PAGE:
Where To?

The novel as event

Where To?

TO ENTER ANISH KAPOOR'S "Leviathan," erected inside Paris's Grand Palais in 2011, you walked through black swiveling doors. Once your eyes adjusted, you began to see.

A giant red world unto itself, the structure looked from its interior like an intersection of enormous balloons — the round ceiling towered above, tunnels twisted off out of sight. Sharp lines, the ribs that kept the inflated structure in place, defined the massive expanse, while the fabric stretched between them radiated colors that shifted from sunset pink to bloody maroon, with long, dark shadows that fell away. The iron frame of the Palais, which surrounded the sculpture, remained visible as a web of shadows, giving "Leviathan" a ghostly outer structure that inched this way and that depending on the time of day. There was no noise, aside from the hum of the machines keeping the structure inflated and the muffled conversation of the day's visitors. "Leviathan" felt like a womb, like the inside of an enormous machine, like a cathedral. The more you lingered, the more bored you became; the more you looked, the more you saw. It made all the normal questions seem pointless. What was Kapoor trying to accomplish? What was he trying to say? What did "Leviathan" mean? Like its biblical namesake, the piece annihilated such niceties.

"I want the viewer to have a moment of shock, aesthetically but also physically," Kapoor told Designboom, "so that when you enter the nave you raise your eyes and say, 'Wow! Could it be like that!' Each artwork is above all an event."

It is this sensibility we must bring to fiction.


One of the most profound pleasures of picking up older books is the recognition of how artistically daring the greatest ones remain.

In the second volume of Don Quixote, our hero encounters a duchess who recognizes him as the gentleman deluded into believing he is a knight, whom she has read so much about in the already-published first volume. Instead of feeling frightened, she and her husband want to play along. "The two of them, because they had read the first part of this history and consequently learned of Don Quixote's absurd turn of mind, waited for him with great pleasure and a desire to know him, intending to follow that turn of mind and acquiesce to everything he said," wrote Cervantes. A postmodern conceit if ever there was one.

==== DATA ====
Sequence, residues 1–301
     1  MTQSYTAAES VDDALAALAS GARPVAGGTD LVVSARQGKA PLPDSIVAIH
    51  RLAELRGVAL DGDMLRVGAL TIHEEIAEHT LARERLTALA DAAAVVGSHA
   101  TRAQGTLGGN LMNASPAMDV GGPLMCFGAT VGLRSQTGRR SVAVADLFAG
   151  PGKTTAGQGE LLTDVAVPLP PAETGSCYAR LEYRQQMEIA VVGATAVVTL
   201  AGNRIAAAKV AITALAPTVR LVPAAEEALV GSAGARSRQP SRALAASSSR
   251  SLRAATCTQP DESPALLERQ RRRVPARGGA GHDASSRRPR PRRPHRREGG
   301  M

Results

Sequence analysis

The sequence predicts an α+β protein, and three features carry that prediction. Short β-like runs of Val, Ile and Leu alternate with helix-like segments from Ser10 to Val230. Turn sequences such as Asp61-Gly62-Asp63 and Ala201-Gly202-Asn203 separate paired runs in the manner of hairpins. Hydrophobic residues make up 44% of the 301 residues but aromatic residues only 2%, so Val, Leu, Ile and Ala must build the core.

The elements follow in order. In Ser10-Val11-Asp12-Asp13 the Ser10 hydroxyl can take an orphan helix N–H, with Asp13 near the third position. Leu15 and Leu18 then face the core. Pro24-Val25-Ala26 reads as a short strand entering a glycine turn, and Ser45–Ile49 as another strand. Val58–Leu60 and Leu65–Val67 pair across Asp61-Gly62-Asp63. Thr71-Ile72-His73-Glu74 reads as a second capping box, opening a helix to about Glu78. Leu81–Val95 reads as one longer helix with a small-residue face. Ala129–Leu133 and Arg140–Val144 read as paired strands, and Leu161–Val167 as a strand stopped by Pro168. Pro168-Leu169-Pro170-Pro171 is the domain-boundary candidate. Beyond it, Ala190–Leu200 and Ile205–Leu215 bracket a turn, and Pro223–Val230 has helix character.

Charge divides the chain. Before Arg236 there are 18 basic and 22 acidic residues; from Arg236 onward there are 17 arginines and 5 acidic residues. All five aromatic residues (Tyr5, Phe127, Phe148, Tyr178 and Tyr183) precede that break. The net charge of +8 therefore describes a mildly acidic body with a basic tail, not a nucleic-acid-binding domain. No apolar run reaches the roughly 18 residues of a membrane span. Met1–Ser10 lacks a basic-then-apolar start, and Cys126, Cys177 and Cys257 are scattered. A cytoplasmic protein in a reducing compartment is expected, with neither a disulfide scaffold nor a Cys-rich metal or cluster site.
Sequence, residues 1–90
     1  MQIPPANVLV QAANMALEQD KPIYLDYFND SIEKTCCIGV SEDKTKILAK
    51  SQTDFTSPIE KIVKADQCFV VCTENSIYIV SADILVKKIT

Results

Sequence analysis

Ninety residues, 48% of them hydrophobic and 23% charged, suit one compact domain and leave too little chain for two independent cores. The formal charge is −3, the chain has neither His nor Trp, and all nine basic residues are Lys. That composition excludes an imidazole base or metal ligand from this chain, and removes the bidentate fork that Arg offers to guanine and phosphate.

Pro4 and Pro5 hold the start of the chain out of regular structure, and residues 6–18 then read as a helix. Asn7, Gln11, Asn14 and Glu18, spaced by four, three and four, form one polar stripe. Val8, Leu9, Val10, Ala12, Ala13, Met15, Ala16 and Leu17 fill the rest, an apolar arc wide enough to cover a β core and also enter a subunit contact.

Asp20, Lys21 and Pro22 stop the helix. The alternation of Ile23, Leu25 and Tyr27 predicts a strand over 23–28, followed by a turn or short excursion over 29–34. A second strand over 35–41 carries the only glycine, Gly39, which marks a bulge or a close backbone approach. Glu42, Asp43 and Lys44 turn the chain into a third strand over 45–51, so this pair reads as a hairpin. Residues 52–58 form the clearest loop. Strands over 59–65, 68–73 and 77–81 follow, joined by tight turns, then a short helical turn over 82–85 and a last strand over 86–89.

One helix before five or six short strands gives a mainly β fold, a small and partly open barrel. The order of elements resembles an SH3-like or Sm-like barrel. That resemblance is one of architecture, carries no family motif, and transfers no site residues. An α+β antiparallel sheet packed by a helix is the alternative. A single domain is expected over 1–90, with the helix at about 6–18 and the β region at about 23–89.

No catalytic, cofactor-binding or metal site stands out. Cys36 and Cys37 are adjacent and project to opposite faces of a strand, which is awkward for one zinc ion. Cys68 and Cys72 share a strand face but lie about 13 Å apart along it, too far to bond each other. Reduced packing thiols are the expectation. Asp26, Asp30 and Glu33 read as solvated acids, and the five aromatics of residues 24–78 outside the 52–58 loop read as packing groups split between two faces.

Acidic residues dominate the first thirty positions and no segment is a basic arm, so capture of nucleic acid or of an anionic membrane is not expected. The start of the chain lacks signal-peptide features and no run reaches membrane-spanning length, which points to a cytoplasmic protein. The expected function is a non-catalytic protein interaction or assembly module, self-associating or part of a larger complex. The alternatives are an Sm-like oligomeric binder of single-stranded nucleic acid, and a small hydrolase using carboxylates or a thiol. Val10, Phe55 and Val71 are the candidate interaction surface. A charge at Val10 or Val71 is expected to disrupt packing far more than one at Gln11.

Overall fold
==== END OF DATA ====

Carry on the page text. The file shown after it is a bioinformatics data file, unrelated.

Michel Foucault saw in this moment proof that Quixote was "the first modern work of literature," because of the way Quixote has "achieved" a "reality he owes to language alone." It is metafiction before metafiction. "Cervantes's text turns back upon itself, thrusts itself back into its own density, and becomes the object of its own narrative," Foucault wrote.

But the sense of play Foucault describes is only one-half of the novel's structure. Milan Kundera saw in Quixote the very "raison d'être of the art of the novel," at odds with that of poetry: to depict "the concrete, everyday, corporeal nature of life." "Prose is not merely the difficult or vulgar side of life, it is also a certain beauty, till then neglected: the beauty of modest sentiments, for instance the fondness tinged with familiarity that Sancho feels toward Don Quixote." Quixote is simultaneously a precursor to the layers of irony and play at work in all novels and a specific story set in a specific time and place with specific human bodies. "Homer never wondered whether, after their many hand-to-hand struggles, Achilles or Ajax still had all their teeth," Kundera wrote. "But for Don Quixote and Sancho teeth are a perpetual concern."